Biomass

According to Smith, Biomass is generating more electricity than wind, solar and geothermal sources combined in the US (1). Biomass is also a process of making use of the large waste materials produced annually. Since this another way of getting rid of waste materials, countries like US have to make to produce electricity through Biomass. The EIA predicts that the cost of power from conventional biomass combustion will be 5.1 cents per kilowatt-hour (REPP Library 1), which is even lower than the average cost of electricity in the US of 8 cents/kWh. Although it is still more expensive than producing electricity by burning coal which cost only 3 to 4 cents/kWh, it is already economically viable. The supply of biomass may not be sufficiently enough to provide all our power needs but will be able to supply a considerable amount of the total demand considering that we pile up tons of waste annually. In the future cost are still expected to go down as more advances in technology would make conversion of biomass to electricity more efficient.

 

Geothermal

According to Smith, Geothermal energy may have greater potential at much lesser risk to the environment compared to the rest of the alternative fuels (1). Geothermal plants are one of the most reliable of all electricity sources because they can operate regularly at 90 percent or more of their rated capacity year-round and can run continuously (Renewable Northwest Project 1). Currently, the cost of electricity from Geothermal plants ranges from 6 to 10 cents/kWh. This is again very much competitive compared to fossil fuels. Yet despite this promise, geothermal energy cannot supply all of mankind’s energy demand because we have limited geothermal sites. Sites are normally located in outskirts area far from the bigger cities which requires a much higher energy. The cost of transmission lines to bring the energy to larger cities also raises the prices of geothermal energies higher.

 

CONCLUSION

 

Looking at all the above values and availability, Biomass is the most competitive in price and capacity. Large supply of waste from cities can be used to fuel biomass plants. Yet it cannot supply the total demand of energy it must be supported by wind, which is again very competitive in price but limited supply. Another support of energy is from Geothermal plants which is again price competitive. Through these combinations of economically viable alternative fuels it might be able to achieve complete independence from fossil fuels and produce a friendly environment in the future. Although at this stage more research and government support is required to make these alternative fuels work. Biofuels and Solar energy sources may provide additional support in the future if given time and resources.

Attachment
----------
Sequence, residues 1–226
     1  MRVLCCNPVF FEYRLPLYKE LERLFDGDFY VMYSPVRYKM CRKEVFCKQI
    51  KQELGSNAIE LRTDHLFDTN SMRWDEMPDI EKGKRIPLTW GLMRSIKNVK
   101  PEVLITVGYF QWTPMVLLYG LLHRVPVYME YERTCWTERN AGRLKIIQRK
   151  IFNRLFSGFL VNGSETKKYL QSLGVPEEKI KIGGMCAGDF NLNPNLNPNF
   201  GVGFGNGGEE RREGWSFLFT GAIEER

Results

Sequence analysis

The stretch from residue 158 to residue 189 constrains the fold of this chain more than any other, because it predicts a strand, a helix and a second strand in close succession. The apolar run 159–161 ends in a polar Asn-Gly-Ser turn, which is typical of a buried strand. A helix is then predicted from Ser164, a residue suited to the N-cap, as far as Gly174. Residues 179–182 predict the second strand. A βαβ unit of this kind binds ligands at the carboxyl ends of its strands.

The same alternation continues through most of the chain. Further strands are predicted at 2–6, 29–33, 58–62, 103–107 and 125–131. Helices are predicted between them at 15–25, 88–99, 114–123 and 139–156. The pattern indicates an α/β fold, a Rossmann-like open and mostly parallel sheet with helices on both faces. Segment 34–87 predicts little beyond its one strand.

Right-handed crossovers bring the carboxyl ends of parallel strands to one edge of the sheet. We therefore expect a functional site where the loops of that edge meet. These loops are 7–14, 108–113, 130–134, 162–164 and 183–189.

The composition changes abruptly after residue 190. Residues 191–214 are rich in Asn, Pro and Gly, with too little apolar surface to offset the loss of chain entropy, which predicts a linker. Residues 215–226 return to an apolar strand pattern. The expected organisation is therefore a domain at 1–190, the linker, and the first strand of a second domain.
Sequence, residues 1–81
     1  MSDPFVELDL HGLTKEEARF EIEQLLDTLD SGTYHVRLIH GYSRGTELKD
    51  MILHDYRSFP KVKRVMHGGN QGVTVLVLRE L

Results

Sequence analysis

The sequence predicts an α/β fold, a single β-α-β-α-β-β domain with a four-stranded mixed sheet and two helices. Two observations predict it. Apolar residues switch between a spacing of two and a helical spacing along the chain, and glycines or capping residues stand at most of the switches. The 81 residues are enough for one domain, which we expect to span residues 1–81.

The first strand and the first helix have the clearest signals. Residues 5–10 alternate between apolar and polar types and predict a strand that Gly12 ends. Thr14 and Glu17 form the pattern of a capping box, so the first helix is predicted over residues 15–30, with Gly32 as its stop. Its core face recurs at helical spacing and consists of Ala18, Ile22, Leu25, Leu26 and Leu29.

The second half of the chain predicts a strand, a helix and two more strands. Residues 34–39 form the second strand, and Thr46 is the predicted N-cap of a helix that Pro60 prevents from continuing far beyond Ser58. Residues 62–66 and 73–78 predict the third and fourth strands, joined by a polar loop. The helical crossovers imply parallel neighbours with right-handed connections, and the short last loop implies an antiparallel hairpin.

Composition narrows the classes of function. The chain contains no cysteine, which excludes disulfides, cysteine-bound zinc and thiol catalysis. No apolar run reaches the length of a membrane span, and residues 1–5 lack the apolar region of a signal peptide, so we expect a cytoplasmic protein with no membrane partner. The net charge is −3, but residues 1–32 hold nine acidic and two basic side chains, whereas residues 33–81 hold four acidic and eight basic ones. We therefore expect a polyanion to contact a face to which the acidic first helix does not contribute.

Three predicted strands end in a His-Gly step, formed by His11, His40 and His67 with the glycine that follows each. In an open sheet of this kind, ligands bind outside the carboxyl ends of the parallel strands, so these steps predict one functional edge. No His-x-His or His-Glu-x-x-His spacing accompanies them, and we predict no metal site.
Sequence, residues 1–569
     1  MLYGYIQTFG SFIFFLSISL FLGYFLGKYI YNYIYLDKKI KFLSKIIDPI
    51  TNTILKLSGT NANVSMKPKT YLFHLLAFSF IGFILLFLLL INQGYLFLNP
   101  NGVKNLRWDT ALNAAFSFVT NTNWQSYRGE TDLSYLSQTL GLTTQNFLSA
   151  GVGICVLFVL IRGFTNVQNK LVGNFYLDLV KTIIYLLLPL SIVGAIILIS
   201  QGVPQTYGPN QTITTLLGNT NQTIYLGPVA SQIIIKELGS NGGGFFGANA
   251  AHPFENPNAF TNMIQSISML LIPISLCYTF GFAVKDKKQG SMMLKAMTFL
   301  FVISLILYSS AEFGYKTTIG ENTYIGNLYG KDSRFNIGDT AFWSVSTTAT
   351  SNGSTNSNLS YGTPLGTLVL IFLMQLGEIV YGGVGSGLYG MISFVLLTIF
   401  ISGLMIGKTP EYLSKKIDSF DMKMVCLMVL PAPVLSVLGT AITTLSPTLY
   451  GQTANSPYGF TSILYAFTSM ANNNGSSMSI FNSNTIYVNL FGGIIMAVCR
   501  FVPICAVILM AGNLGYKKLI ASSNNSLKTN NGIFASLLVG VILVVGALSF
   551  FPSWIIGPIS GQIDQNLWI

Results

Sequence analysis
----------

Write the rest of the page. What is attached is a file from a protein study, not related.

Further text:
References

 

 

Unknown. “Photovoltaic Industry Statistics: Cost”. The Solarbuzz.com. 2006. 23 April 2007. <http:// www.solarbuzz.com/StatsCosts.html>.

Smith, Rebecca. “ The New Math of Alternative Energy — Does going green finally make economic sense?”. Yale Global Online. 2007. 23 April 2007. <http://yaleglobal.yale.edu/display.article?id=8813>.

Brown, Lester.  “WIND ENERGY DEMAND BOOMING: Cost Dropping Below Conventional Sources Marks Key Milestone in U.S. Shift to Renewable Energy”. Earth Policy Institute Website. 2006. 23 February 2007. < http://www.wired.com/news/technology/0,1282,65936,00.html>.

Clark, Dave. “Energy Cost Calculator”. Geocities.com Website. 2005. 23 February 2007. < http://www.geocities.com/daveclarkecb/EnergyCalc.html>.

Unknown. “Biomass Energy: Cost of Production”. Oregon.gov Renewable Energy. 2005. 23 February 2007. <http://www.oregon.gov/ENERGY/RENEW/Biomass/Cost.shtml>.

Unknown. “Cost of Bioenergy”. REPP-Library: Current Papers & Archive. 2005. 23 February 2007. < http://www.crest.org/bioenergy/link5.htm >.

Unknown. “Geothermal Energy Technology”. Renewable Northwest Project. 1999. 23 February 2007. < http://www.rnp.org/RenewTech/tech_geo.html >.